Boguslavsky and Korenblit rejected Mendelevich’s version of the third Iton as virulently critical of the Soviet Union and thus counter-productive. Mendelevich consequently resigned from the Iton editorial board. The next meeting of the board was scheduled for 13 June in Leningrad. On that day, the new Riga representative, Boris Maftser, flew into Leningrad. At the airport, he met, of all people, Mendelevich. When Maftser asked what he was doing there, Mendelevich snapped back: You haven’t seen me’ and mysteriously disappeared.

Mendelevich’s secrecy, his frustration with Iton and his desire ‘to do something else’ had found a haven in another project.

The idea to take an aircraft and to fly it out of the Soviet Union to freedom was not a new one. In 1948 Jewish students conceived such a idea in the hope of enlisting to fight in Israel’s war of independence. In the two decades that had elapsed, such a scheme periodically surfaced as a result of the intense frustration in waiting. Forgotten were the tight security considerations or the fact that Soviet airline officials usually put up a determined struggle.

Shortly after the Six Day war, Mark Dymshits, a former pilot, began to concoct several different notions of illegal escape from the USSR. His first idea was to float to freedom in a do-it-yourself hot-air balloon. This was dropped to make way for a backyard build-it-yourself aeroplane. When this, too, proved impracticable, he resolved to steal an already manufactured plane – one belonging to the Soviet state. Such thoughts could not be translated into action by one man. Dymshits needed friends.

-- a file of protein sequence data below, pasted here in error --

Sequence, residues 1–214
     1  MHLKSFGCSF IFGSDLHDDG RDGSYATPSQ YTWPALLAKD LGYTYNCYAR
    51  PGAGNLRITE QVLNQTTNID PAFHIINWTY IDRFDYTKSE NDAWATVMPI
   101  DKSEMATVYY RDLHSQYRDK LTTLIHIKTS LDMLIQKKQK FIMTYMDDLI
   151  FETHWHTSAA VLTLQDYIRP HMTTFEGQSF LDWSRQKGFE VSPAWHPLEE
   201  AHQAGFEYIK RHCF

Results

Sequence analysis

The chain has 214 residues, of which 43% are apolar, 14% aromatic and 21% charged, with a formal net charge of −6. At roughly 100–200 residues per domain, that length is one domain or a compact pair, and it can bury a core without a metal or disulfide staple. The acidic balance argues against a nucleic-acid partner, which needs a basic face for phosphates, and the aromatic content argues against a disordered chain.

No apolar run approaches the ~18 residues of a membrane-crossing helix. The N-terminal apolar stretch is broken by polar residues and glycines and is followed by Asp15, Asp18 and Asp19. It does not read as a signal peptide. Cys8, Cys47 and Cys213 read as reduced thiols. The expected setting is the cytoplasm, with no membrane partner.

He first met Hillel Butman, one of the leaders of the Leningrad group in the autumn of 1969. Butman became interested in the plan to take an aircraft. His acceptance, however, antagonised many within the group and created differences of opinion. The paramount priority of the Leningrad group was to increase emigration. In 1967 only 1,380 Jews had left the USSR. In 1968 this figure had dropped to 224, and by late 1969, the all-time high of 3,000 looked like being reached. Yet even if this was relatively high compared to other years, it would still have taken decades for all the thousands of applicants to leave.